The Link Between GERD and Chronic Cough

Many individuals with gastroesophageal reflux disease have regular symptoms such as heartburn, chest pain, sore throat, difficulty swallowing, dental decay, bad breath, nausea, breathing problems, and vomiting. These symptoms can contribute over time to more severe health issues. However, chronic cough is one of the most common symptom of acid reflux. This article discusses the link between GERD and chronic cough.

GERD and Chronic Cough

GERD is one of the most common cause of a chronic cough. Researchers report that over 25 percent of all chronic cough cases are because of GERD.

Most people with GERD-related cough do not experience the similar signs and symptoms of heartburn. Chronic cough can result from acid reflux or from the reflux of non-acidic stomach contents.

GERD-related coughing signs are such as regular coughing at night, coughing without having asthma, coughing right after a meal, coughing when you lie down, and coughing happens even though there are no common causes, such as smoking or allergies.

Many children experience reflux during their first year of life, including coughing up or vomiting. In infants who are healthy, these symptoms may occur. Infants who develop acid reflux after 1 year of age, however, may probably have GERD. Recurrent coughing is one of the most common symptoms of GERD in infants and young children.

Symptoms include:

  • heartburn
  • irritation
  • refuse to eat
  • nausea
  • regurgitation
  • difficulty swallowing
  • coughing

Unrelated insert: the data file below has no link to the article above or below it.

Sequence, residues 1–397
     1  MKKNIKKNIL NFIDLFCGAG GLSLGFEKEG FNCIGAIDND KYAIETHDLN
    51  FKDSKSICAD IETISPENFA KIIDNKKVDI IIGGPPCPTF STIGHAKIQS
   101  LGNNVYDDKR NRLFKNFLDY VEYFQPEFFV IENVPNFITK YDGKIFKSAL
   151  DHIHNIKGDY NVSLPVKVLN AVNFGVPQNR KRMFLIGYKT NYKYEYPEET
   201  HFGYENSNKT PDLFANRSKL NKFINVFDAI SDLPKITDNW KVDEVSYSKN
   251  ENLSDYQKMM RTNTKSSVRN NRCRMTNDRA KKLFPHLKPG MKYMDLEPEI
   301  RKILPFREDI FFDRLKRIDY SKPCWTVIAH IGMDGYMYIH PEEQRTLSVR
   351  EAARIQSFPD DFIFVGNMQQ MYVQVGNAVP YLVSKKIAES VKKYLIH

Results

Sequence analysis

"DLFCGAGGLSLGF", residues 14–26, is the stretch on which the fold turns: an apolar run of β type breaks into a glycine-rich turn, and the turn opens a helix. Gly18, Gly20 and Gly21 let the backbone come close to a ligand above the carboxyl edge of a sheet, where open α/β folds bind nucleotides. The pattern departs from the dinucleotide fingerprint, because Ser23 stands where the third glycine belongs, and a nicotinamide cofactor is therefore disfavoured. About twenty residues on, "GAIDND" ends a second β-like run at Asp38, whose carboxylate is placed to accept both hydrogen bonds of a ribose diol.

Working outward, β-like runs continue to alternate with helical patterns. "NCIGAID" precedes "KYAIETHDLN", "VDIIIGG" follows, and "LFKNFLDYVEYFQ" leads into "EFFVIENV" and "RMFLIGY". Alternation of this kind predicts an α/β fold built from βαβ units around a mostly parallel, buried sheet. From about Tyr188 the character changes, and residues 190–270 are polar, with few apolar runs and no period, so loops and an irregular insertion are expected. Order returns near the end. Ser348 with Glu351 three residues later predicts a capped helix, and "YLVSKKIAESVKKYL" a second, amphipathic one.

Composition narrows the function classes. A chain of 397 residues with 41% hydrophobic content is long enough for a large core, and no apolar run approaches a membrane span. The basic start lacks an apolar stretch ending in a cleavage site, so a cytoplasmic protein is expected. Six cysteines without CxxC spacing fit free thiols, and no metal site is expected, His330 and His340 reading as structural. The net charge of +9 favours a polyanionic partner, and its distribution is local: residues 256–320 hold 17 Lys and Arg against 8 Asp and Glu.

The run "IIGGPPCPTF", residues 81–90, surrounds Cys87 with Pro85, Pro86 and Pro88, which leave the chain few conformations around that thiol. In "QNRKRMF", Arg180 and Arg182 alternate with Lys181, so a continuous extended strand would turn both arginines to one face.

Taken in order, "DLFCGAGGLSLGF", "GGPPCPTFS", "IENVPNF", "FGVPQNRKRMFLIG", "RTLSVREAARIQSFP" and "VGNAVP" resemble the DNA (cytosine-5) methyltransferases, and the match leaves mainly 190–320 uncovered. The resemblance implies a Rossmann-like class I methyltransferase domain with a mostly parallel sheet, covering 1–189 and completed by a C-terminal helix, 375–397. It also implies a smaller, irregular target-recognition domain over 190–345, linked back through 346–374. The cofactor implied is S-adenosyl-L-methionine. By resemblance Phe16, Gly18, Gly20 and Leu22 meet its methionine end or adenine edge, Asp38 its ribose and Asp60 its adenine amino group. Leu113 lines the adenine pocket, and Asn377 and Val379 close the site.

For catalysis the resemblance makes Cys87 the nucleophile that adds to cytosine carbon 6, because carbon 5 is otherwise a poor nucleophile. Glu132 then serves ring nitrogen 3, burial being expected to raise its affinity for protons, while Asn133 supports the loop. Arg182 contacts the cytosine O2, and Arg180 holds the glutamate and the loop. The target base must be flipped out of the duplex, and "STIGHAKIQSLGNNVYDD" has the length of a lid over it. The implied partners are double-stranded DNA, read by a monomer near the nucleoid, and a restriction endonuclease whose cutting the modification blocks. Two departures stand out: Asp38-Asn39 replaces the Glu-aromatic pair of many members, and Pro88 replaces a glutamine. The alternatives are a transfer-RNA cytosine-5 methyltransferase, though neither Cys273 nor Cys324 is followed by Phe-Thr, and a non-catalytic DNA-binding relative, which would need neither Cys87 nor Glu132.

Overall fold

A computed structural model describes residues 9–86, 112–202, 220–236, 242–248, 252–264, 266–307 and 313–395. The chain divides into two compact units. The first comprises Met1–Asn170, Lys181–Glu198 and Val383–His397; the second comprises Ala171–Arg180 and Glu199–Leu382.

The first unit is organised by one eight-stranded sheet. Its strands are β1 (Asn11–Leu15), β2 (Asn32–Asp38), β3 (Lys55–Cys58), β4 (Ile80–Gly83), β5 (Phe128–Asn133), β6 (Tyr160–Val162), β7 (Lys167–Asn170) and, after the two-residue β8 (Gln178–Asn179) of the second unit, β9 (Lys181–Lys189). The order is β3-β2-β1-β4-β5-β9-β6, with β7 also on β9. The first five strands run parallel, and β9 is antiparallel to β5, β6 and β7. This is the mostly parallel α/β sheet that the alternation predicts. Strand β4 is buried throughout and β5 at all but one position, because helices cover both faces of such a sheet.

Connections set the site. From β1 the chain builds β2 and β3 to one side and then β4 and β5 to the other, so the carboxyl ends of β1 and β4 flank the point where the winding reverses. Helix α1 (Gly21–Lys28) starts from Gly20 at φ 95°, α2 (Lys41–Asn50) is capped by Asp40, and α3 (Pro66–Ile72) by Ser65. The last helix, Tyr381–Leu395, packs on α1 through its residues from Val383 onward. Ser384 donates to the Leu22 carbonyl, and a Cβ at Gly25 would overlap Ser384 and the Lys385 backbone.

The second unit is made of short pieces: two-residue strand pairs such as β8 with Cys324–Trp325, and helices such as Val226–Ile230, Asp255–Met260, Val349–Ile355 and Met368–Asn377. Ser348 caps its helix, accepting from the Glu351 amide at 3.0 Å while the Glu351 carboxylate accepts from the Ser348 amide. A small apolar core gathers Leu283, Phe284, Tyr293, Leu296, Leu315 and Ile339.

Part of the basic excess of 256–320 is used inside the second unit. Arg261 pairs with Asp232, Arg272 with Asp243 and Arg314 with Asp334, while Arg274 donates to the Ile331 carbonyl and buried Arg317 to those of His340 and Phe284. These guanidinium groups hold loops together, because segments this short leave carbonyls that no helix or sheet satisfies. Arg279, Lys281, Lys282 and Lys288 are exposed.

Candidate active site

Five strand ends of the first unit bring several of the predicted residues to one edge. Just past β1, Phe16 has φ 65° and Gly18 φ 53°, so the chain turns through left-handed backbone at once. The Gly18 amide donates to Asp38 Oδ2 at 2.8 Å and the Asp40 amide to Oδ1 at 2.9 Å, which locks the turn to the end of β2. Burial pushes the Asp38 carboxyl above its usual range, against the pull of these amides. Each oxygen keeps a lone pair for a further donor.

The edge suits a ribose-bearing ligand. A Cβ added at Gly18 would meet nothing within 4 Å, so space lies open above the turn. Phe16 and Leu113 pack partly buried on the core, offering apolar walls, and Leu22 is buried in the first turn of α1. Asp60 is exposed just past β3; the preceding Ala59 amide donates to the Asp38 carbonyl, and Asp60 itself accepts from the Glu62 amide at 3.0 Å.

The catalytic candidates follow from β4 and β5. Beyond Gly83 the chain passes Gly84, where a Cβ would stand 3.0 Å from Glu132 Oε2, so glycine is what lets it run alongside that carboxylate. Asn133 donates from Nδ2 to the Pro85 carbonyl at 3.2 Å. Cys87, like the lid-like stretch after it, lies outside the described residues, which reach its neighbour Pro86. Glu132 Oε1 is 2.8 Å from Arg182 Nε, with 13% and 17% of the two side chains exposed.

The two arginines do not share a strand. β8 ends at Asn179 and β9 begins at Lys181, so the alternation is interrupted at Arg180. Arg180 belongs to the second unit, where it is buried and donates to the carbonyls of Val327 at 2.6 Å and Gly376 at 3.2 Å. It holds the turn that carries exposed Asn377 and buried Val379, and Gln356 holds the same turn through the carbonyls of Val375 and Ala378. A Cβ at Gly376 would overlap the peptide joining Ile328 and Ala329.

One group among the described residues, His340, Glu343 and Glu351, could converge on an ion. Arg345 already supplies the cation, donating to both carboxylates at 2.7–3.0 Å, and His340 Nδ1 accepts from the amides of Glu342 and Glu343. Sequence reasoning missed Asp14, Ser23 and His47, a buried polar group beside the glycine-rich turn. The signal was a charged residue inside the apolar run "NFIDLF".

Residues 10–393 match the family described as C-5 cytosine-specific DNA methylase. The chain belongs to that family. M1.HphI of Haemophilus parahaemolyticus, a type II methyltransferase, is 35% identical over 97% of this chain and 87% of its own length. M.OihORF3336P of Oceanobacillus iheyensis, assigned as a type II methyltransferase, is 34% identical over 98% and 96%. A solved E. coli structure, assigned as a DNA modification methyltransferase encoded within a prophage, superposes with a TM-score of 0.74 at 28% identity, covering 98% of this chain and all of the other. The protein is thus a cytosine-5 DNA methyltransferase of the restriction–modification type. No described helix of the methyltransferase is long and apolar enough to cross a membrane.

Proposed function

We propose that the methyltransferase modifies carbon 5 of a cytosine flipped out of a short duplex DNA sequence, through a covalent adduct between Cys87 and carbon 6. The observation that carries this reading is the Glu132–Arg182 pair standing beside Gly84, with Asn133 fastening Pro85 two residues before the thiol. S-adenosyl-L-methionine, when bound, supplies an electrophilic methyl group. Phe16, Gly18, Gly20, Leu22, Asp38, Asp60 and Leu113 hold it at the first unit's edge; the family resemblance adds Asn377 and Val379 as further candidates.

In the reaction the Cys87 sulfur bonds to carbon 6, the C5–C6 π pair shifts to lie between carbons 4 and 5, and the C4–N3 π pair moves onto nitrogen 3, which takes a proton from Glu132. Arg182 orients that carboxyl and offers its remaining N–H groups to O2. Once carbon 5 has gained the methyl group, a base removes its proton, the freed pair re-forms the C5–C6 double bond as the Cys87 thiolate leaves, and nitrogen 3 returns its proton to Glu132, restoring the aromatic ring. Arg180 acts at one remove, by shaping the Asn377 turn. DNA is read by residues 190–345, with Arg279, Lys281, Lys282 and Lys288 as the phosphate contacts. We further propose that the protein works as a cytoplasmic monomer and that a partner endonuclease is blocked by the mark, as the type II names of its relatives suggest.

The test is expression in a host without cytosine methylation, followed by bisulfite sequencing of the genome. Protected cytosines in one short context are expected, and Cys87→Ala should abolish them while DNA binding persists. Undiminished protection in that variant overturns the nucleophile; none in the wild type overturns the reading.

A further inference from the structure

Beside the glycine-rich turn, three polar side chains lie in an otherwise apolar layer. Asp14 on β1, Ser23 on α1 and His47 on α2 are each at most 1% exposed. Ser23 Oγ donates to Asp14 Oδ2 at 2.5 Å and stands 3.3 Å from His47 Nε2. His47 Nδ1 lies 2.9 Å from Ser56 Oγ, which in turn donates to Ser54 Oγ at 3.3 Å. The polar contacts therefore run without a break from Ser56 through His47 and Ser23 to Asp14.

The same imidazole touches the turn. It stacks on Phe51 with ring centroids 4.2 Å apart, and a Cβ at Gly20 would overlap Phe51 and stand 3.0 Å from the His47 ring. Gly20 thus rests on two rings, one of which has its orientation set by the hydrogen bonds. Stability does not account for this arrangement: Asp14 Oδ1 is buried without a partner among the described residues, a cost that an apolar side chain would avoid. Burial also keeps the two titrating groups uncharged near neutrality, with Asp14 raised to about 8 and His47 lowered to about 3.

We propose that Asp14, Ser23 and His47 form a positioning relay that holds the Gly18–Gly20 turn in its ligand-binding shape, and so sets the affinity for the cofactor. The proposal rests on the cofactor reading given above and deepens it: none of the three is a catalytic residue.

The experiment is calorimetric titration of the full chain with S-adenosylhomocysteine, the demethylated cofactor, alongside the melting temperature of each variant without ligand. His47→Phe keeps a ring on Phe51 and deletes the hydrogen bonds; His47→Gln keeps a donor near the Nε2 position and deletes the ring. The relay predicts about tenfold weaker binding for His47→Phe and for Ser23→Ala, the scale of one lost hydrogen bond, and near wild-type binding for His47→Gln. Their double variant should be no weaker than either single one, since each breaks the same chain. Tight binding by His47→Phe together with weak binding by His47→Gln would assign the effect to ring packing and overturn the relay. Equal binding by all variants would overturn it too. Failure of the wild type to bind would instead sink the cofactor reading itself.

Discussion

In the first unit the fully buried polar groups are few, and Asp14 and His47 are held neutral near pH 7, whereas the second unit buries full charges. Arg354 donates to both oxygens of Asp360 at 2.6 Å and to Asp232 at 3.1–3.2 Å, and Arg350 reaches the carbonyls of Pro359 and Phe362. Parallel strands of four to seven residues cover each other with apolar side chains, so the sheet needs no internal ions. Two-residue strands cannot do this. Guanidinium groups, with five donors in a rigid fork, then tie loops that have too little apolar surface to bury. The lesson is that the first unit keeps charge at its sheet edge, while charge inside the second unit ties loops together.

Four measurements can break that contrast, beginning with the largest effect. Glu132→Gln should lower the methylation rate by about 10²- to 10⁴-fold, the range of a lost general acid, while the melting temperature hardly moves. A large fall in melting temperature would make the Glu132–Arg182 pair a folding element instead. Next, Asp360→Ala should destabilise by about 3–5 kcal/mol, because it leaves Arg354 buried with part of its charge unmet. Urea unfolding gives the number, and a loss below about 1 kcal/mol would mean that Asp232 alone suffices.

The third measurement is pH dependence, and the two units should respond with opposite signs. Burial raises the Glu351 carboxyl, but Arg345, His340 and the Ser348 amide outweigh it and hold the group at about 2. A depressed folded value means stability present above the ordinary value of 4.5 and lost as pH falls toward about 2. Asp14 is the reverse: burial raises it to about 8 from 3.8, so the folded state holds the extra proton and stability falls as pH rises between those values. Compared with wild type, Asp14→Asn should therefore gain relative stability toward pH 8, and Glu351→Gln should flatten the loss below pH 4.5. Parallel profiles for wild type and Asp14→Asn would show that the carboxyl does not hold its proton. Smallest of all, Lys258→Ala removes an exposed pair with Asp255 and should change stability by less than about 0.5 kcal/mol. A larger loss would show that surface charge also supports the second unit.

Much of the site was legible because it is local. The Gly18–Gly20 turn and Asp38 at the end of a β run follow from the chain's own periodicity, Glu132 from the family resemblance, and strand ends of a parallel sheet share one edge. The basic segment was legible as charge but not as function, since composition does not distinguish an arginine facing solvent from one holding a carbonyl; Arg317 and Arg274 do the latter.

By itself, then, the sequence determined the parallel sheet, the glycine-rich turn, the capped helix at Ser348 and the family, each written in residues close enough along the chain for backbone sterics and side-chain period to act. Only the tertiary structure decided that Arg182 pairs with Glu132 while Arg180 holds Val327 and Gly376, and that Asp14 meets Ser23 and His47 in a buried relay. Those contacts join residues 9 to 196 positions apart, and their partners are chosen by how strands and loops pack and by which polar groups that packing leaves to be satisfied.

• wheezing
  • repeated vomiting
  • asthma
  • pneumonia
  • poor growth

These are some basic strategies for reducing acid reflux in children:

  • Feeding babies with small and daily meals
  • Hold babies upright for 30 minutes after feeding
  • Not feeding infants with food that can induce acid reflux
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It is difficult to recognise symptoms of GERD in children, particularly when they are very young. Children under 1 can also show signs of acid reflux, such as frequent coughing or vomiting, with no adverse effects.

Risk Factors

The following beverages and foods will make GERD worse:

  • garlic
  • onions
  • spicy foods
  • mint
  • grapefruit
  • lemons
  • limes
  • pineapple
  • salsa
  • acidic drinks
  • coffee
  • caffeine
  • orange juice or oranges
  • carbonated beverages
  • tomato sauce or tomatoes

However, foods that cause symptoms can differ from person to person. People with GERD should try to exclude some food from their diet to see if their symptoms are getting better. If they don’t, they’ll add the food back to their diet.

Other risk factors include:

The above conditions weaken or relax the lower esophageal sphincter. It allows the content of the stomach to come up into the oesophagus when the lower esophageal sphincter is weak.

Lifestyle changes

Changes in lifestyle and some home remedies will always minimise or even remove the symptoms of GERD. These include: